Also, if you’re no spring chicken, you know yourself well and hopefully don’t care so much what other people think of you.  Which means that even if your Hebrew isn’t perfect, you’re more likely to say, “So what?  At least I’m trying.”  Knowing your own strengths and weaknesses, you’re more prepared, hopefully, to face the world as you are, and not stress out pretending to be anyone other than who you actually are.

A Facebook group I’m active in sometimes has a thread right now for people who made aliyah at 50+.  Over and over here, I’m seeing comments like, “I made aliyah at 53… and loving every minute” – “It’s helpful not to take yourself too seriously” – “I thought I was coming here to retire, but I got bored and it turned out they needed English teachers” – and “My only regret is that I didn’t do it 25 years ago.”

Have a sense of humour – you may have one already if you’re no spring chicken.

Be prepared to reinvent yourself.

Expect the unexpected.

And keep your eyes on the reason you’re coming – this isn’t like anywhere else in the world.  It’s Israel.  Focus on that, and on building this country as a holy endeavour.

And you know what?  This isn’t a bad topic to address given that the country itself is celebrating its 70th birthday this year. 

Israel, I hate to break it to you… but you’re no spring chicken yourself.

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Whether you’re older or younger than Israel, I’d love to hear from you in the comments below!

A few resources that might be helpful:

Tzivia / צִיבְיָה


4 comments:

  1. I decided to celebrate Jewish women blogging with a roundup of blog posts from a variety of blogs. Your blog is included. A Jewish Grandmother : The Ladies Blog Take a look please, and visit the other blogs. How about adding them to your blogroll, so we support each other?

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  2. This is very heartening -- thanks! I'm 44 and my family is planning on making our pilot trip in the spring to see if aliyah is for us. None of us have even been to Israel so we don't know where to even begin planning a trip, much less a move, but I'm glad to hear that English teachers are in demand since I have a degree in English and have some teaching experience. ;)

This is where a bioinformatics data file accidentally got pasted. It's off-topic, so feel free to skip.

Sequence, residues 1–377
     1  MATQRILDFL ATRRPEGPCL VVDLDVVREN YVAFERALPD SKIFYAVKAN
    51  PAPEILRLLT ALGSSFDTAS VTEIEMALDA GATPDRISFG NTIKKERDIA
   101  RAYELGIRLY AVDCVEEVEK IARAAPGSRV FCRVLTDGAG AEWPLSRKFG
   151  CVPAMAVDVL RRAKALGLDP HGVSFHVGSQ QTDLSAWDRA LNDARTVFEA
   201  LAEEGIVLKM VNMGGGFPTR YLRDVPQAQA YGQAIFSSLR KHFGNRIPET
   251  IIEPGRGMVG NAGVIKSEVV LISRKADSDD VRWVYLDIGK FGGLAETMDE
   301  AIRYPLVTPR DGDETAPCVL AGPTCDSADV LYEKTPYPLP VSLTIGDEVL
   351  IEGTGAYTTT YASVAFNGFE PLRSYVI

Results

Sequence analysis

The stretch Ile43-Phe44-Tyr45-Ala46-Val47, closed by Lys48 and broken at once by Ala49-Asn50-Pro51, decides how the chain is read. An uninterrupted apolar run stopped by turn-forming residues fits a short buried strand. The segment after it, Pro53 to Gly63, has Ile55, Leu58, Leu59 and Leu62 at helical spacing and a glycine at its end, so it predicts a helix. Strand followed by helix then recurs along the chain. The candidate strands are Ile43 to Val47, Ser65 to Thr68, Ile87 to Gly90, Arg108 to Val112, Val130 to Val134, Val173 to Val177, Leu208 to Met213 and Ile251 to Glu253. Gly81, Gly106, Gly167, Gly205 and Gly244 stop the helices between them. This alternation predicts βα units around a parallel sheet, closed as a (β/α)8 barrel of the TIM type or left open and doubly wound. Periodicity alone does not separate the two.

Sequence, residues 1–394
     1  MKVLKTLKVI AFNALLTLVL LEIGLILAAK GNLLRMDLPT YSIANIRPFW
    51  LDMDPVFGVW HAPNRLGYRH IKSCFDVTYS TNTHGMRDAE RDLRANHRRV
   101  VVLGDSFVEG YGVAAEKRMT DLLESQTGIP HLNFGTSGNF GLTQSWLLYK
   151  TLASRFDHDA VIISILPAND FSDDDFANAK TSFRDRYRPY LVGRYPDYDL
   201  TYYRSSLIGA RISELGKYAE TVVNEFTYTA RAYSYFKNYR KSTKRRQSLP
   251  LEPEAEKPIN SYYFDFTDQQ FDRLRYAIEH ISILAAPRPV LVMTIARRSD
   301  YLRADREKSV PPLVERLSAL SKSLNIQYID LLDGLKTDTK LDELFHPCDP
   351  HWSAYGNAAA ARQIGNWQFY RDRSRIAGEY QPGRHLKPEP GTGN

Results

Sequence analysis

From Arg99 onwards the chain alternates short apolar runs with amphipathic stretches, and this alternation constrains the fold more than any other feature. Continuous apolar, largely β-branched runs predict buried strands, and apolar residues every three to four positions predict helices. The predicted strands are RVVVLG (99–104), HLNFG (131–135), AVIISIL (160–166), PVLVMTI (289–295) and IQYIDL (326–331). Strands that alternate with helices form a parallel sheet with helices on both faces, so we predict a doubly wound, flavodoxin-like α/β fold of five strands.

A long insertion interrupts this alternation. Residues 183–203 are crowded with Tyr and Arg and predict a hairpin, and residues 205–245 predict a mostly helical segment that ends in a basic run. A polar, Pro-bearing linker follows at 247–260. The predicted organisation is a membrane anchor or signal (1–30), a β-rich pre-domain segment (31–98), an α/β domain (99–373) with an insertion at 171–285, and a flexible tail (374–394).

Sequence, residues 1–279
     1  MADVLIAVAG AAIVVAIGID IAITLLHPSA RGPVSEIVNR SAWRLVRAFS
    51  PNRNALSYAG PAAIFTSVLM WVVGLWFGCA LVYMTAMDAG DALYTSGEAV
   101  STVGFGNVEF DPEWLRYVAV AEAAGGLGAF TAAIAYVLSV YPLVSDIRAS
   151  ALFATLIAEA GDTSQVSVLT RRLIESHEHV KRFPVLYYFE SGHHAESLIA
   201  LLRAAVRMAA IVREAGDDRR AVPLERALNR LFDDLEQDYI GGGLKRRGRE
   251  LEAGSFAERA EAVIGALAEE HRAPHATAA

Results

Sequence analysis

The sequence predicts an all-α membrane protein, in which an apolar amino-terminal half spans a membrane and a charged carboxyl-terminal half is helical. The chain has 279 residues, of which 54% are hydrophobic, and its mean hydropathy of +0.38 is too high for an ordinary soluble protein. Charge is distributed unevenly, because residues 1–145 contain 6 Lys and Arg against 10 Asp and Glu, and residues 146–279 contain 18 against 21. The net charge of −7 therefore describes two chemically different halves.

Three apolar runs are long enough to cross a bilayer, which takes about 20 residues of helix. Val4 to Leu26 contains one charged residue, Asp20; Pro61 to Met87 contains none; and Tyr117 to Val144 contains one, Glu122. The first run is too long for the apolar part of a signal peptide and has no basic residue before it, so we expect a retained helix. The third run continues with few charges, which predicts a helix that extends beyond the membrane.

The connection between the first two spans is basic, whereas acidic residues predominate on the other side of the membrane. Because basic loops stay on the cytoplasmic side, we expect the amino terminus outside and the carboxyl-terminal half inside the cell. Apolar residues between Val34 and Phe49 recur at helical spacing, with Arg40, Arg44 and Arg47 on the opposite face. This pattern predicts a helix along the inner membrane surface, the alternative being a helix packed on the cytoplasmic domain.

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  3. Tzivia, Shalom. Enjoyed this article...thank you.
    I'm a single pensioner from the Los Angeles area...completed Aliyah May 2015...at the ripe young age of 74...don't speak/understand the language and culture! As you indicated...a "non" Spring Chicken has been already been enough crap...to either say...yay...or, nay! My 1st visit to Israel December 2014 for vacation...with no intentions of Aliyah. Spent 2 weeks in Israel...week in Tel Aviv...week in Eilat. Returning to California...on my flight...asked myself...what is keeping me in the states? Can I live on my social security benefits in Israel? Nothing is keeping me in the states...even though...have 2 sons and 3 grandchildren. Yes...can live on my social security...decision made...doing Aliyah...with the commitment...gonna make it happen...and, not give up! I feel my saving "grace" was...didn't get on Google...and, ask questions! This is what scares people from doing Aliyah!!! They get on Google...and, acquire..."TMI" ("too much information!")! Don't think about doing Aliyah...JUST DO IT...and, commit to make it work! I decided in less than 5 minutes...or, less...and, I'm still here...HAPPY and, commited!

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  4. For those who want to read books in English in Israel, I recommend the Sharon Woodrow ebook library from AACI. It's available at http://www.aaci.org.il/articlenav.php?id=598

    AACI members can download books for free to read on your phone, table or computer.

    There are more than 50,000 fiction and non-fiction books for all ages from more than 1,000 trade publishers, most recent of which is Harper Collins.

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I'd love to hear what you have to say.